Uranium

Investing in uranium: IEA says global nuclear capacity needs to double to reach net-zero

Mon 04 Jul 22, 11:30am (AEST)
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Key Points

  • IEA calls for governments to support the nuclear industry
  • The global energy crisis and surging fuel prices has seen a renewed interest in nuclear energy adoption
  • Uranium prices remain rangebound amid demand headwinds from Germany and France

Global nuclear power capacity needs to double by 2050 to reach net-zero emission targets, according to the International Energy Agency (IEA).

IEA Executive Director Fatih Birol said that nuclear has a unique opportunity to “stage a comeback” amid a global energy crisis, skyrocketing fossil fuel prices, energy security challenges and climate commitments. 

The IEA’s report viewed that “building sustainable and clean energy systems will be harder, riskier and more expensive without nuclear.”

However, its inclusion into mainstream energy will be dependent on “governments putting in place robust policies to ensure safe and sustainable operation of nuclear plants for years to come,” said Birol.

Substantial capital costs for lifetime extensions and new plants has been a key hurdle for nuclear power. "Government financing will remain necessary to mobilise new investment ... because there is rarely sufficient private sector finance for such capital-intensive and long-lived assets," Birol said.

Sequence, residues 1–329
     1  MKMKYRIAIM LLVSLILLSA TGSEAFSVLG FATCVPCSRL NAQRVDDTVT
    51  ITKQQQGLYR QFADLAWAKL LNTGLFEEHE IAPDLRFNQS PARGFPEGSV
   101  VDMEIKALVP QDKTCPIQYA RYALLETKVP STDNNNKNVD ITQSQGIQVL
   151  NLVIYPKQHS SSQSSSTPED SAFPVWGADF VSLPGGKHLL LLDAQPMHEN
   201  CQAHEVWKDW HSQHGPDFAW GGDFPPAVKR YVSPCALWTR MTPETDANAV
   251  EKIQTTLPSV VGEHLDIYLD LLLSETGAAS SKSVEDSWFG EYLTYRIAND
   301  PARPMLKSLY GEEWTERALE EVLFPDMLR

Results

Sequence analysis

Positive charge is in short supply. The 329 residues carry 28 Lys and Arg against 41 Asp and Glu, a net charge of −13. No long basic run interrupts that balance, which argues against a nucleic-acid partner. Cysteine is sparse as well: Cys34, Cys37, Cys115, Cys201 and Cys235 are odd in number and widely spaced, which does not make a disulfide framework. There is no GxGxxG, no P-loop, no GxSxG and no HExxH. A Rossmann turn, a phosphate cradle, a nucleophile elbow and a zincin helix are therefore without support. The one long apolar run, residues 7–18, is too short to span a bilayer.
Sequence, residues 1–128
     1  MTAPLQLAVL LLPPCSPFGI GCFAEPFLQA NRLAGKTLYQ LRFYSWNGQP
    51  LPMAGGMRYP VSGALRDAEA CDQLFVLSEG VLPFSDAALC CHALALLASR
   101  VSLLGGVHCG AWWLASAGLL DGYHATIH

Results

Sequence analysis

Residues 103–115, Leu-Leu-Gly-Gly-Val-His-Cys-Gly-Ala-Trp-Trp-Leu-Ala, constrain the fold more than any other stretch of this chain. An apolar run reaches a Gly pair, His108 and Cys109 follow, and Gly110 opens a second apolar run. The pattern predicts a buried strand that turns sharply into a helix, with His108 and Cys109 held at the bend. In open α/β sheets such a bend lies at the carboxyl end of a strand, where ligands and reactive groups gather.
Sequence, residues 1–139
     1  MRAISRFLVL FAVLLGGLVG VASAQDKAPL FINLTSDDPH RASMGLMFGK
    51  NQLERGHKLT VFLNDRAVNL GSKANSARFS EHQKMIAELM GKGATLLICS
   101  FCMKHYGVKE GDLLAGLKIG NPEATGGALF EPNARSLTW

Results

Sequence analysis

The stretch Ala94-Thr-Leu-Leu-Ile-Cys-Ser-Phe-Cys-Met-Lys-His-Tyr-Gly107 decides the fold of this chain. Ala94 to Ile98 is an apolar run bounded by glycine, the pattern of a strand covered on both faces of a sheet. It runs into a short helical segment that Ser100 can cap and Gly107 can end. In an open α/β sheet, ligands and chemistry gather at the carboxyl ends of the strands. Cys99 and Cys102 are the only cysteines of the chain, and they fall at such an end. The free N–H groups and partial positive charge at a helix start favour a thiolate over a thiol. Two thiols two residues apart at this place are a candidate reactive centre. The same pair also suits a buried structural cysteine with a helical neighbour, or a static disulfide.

It was warned that without further efforts, the global nuclear fleet operating in advanced economies could shrink by one-third by 2030.

Tides beginning to turn

The IEA notes a total of 19 countries with nuclear reactors under construction, demonstrating some degree of momentum behind the sector thanks to spikes in energy prices.

In the past week, South Korea reversed its planned phase out of 25 reactors and Japan's Prime Minister Jumio Kishida expressed his eagerness to restart mothballed plants.

In early July, the US government launched a strategic uranium reserve program, open to bids from US producers for an aggregate of 1m lbs.

Rangebound uranium

Uranium spot prices has largely been rangebound around the low US$50s since September, with a brief rally to decade highs of US$65 in April.

Despite IEA calls for higher nuclear energy production, Germany remains adamant on shutting down its nuclear power plants and corrosion at French plants has severely cut back demand from Europe's top nuclear energy producer.

2022-07-04 11 07 50-Window
Uranium spot price

 

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Kerry Sun

Finance Writer & Social Media

Kerry holds a Bachelor of Commerce from Monash University. He is an avid swing trader, focused on technical set ups and breakouts. Outside of writing and trading, Kerry is a big UFC fan, loves poker and training Muay Thai. Connect via LinkedIn or email.

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